Mr Turnbull backed the effort by the Governor-General to make the honours more representative of the community.

He also said the Australia Day honour owed much to his family, his staff and others in his government.

“Public service at the level I served is a very much a team effort, so it’s not an individual achievement. It’s awarded to an individual, but it represents the efforts of many others.”

Mr Turnbull named the Snowy Hydro 2.0 project as one of his biggest achievements but said he was disappointed more had not been done since he lost office in August 2018 to build the “battery of the nation” hydro scheme in Tasmania.

This project needed an interconnector to be built across Bass Strait as envisioned, as well as more pumped hydro projects in Tasmania to generate renewable energy, he said.

Reverend Court, was awarded an AC despite backlash following a journalist’s decision to leak the announcement last week.

She was awarded the honour for “eminent service to tennis as an internationally acclaimed player and record-holding grand slam champion”, and as a mentor of young sportspeople.

Rabbi Levi received his AC for “eminent service to Judaism through seminal roles with religious, community and historical organisations”, and for advancing interfaith understanding.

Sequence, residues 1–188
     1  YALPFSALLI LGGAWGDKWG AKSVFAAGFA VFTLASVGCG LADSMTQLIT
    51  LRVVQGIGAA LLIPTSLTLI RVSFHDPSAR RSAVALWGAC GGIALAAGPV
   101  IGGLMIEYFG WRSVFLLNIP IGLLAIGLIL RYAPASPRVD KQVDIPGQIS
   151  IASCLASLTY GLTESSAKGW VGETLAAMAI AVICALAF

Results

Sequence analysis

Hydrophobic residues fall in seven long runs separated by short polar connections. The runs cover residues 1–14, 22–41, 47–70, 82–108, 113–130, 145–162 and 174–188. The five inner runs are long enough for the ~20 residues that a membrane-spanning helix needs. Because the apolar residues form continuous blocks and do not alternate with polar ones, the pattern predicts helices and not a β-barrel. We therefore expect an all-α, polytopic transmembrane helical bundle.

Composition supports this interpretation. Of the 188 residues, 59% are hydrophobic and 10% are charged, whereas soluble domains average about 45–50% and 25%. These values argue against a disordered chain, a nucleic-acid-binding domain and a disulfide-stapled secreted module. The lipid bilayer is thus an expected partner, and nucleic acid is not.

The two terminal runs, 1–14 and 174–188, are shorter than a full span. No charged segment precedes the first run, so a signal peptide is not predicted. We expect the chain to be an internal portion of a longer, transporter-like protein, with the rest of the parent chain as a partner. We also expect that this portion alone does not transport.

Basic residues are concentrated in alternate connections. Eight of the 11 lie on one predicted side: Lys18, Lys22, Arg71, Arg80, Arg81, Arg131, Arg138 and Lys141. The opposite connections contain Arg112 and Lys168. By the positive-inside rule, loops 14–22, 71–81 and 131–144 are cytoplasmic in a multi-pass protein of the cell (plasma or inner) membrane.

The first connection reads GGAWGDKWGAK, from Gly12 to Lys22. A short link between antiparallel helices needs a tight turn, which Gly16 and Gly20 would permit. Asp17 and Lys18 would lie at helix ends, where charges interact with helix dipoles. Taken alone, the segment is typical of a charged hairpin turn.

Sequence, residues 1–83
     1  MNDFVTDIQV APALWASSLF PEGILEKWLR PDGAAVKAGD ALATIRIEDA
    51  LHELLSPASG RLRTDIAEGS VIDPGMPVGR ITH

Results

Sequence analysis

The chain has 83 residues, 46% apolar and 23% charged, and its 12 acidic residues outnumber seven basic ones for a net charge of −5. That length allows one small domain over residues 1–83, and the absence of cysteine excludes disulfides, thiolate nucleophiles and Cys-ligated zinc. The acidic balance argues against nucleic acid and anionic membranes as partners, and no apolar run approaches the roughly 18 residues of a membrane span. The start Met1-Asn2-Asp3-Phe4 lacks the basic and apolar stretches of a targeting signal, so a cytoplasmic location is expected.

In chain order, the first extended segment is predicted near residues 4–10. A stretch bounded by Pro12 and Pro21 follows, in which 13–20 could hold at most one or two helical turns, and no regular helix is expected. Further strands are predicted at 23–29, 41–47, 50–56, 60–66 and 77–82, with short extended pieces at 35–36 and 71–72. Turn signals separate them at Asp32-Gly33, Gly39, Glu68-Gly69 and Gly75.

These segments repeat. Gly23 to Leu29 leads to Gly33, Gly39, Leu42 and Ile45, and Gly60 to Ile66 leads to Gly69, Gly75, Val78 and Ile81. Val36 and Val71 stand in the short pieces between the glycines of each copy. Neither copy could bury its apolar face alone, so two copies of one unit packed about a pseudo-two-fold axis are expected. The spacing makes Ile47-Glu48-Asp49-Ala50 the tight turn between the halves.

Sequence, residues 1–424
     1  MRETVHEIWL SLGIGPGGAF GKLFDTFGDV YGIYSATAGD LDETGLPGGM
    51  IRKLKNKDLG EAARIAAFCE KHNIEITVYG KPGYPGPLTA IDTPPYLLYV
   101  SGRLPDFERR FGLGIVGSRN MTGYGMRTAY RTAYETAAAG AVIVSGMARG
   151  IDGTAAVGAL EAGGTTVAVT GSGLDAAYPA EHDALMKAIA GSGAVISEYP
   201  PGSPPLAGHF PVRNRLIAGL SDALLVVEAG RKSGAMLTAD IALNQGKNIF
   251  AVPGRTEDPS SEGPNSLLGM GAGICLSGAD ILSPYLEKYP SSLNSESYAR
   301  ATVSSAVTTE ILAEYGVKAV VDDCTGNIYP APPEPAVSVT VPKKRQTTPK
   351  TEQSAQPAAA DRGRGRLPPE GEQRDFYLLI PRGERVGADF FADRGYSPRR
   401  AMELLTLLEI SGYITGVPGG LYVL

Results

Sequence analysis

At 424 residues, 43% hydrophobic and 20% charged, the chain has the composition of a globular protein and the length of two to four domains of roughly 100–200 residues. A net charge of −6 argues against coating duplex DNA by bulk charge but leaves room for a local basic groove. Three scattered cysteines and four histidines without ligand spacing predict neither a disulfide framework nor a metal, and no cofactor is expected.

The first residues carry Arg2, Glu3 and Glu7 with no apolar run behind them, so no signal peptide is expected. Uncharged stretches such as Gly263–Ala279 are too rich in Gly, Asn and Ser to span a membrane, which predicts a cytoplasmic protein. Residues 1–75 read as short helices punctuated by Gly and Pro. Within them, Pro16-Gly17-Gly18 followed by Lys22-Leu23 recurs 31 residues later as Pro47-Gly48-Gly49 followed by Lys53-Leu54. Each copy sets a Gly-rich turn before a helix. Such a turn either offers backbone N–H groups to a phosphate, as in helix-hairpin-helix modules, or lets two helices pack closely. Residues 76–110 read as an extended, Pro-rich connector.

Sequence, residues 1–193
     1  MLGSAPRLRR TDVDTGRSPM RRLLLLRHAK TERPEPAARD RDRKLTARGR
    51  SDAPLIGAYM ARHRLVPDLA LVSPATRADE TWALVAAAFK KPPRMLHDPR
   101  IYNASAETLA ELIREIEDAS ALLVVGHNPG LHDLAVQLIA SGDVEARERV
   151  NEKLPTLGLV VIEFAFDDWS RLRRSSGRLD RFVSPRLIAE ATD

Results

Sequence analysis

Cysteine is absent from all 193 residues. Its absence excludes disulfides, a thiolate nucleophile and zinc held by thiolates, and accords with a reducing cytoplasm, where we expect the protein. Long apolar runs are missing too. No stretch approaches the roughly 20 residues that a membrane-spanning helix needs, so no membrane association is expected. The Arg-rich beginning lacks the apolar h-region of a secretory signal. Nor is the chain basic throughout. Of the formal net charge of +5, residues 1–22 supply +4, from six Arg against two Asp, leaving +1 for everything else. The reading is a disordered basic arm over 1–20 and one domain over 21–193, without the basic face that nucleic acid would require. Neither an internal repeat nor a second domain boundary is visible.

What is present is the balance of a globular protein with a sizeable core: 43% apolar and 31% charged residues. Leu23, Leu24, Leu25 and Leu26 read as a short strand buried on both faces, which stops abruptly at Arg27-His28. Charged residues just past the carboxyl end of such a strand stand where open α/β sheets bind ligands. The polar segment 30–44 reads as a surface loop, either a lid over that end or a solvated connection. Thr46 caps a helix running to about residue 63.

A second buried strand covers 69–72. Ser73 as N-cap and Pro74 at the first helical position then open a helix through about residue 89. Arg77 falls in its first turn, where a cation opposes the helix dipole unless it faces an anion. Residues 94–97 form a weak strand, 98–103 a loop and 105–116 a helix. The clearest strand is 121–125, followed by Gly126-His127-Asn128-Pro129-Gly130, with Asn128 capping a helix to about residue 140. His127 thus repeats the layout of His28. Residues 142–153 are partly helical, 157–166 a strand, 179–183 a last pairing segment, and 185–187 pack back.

Dr Levi was the first Australian to be ordained as a rabbi, and he has been given multiple awards for his service to Australia’s Jewish community.

Professor Praeger was also given an AC for her service to mathematics, tertiary education, and as a champion of women in science and technology careers.

She had previously won the Prime Minister’s Prize for Science in 2019, and is an honorary member of the London Mathematical Society.

Former Socceroo Tim Cahill was made an Officer of the Order of Australia for his distinguished service to sport, while former Australian Diamonds netball coach Lisa Alexander was made a Member of the Order of Australia.

There were 571 recipients in the general division of the Order of Australia, including four ACs, and 28 recipients in the military division.